Gen. Colin L. Powell Speaks at Safelite National
February 2, 2010
U.S. Secretary of State and chairman of the Joint Chiefs of Staff
Gen. Colin Powell (Ret.) spoke during Safelite Auto Glasss
national leadership conference in Orlando, Fla., in early January.
Speaking to an audience of more than 600, Powell reflected on his
transition from Secretary of State to being just another guy,
according to a company statement. Powell revealed that his leadership
strategies were ones he first learned in the infantry, including
Leaders dont get it done, its the followers that
get it done.
The essence of all leadership is to build bonds of trust
among the followers and leaders so they are functioning in a relationship
so you get things done, said General Powell. Its
all about caring for human beings. Its all about believing
in human beingsthe ones that work for you and the ones that
you are serving.
Powell, the retired four-star U.S. Army general who was the nation's
top diplomat during President Bush's first term, discussed how individuals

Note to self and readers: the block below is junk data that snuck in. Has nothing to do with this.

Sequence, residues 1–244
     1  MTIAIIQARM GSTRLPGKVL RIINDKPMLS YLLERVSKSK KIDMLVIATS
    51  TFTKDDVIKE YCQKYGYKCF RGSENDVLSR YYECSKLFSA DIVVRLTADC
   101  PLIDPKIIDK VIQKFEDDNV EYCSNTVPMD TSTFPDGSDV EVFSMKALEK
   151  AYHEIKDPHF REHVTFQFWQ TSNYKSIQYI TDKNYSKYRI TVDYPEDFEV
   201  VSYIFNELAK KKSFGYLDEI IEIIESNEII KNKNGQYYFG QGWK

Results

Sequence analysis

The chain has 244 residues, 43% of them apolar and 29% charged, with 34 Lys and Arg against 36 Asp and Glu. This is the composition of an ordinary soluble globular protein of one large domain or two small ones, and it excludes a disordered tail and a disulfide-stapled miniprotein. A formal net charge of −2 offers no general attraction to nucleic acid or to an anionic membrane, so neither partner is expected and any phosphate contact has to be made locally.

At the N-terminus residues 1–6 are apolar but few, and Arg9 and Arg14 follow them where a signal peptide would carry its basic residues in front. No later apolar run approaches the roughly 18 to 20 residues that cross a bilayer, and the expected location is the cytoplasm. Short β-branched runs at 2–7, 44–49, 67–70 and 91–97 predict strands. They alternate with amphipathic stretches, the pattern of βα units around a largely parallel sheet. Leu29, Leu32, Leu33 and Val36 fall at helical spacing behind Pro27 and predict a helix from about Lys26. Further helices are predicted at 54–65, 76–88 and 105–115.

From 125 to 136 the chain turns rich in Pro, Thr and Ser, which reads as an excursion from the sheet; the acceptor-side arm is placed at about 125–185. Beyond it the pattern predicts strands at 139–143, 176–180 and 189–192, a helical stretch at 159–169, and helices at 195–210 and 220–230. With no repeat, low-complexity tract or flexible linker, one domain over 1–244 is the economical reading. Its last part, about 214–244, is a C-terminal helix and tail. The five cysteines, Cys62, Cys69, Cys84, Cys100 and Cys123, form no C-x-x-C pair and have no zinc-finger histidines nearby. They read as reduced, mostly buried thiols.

can emulate the leadership skills necessary to remain focused, take
responsibility and work toward improving processes within organizations.
He covered strategies for practicing true leadership and motivating
during times of great change while focusing on essential skills
leaders share such as honesty, investing in and trusting the team
and maintaining a vision.
Leadership is one of our key initiatives in delivering extraordinary
results to our customers so we wanted a guest speaker who could
engage with us in the critical importance of leadership, said
Tom Feeney, president and CEO of Safelite AutoGlass. We are
beyond thrilled that General Powell, one of the most admired leaders
in the world, as well as a humanitarian, was able to share his methods
of successful leadership.
Powells speaking engagements are handled by the Washington
Speakers Bureau® (WSB), according to the organizations
website. His fees vary based on location, according to the WSB.
Various online sources, however, noted that his fees can sometimes
soar as high as $100,000.
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